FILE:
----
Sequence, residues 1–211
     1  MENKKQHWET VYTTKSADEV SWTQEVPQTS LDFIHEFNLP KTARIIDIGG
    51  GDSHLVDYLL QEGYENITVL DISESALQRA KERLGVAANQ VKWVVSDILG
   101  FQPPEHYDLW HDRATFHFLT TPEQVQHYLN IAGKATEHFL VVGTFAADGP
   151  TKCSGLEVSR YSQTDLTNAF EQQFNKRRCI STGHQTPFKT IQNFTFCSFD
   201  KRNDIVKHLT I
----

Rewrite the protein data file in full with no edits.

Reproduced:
Sequence, residues 1–211
     1  MENKKQHWET VYTTKSADEV SWTQEVPQTS LDFIHEFNLP KTARIIDIGG
    51  GDSHLVDYLL QEGYENITVL DISESALQRA KERLGVAANQ VKWVVSDILG
   101  FQPPEHYDLW HDRATFHFLT TPEQVQHYLN IAGKATEHFL VVGTFAADGP
   151  TKCSGLEVSR YSQTDLTNAF EQQFNKRRCI STGHQTPFKT IQNFTFCSFD
   201  KRNDIVKHLT I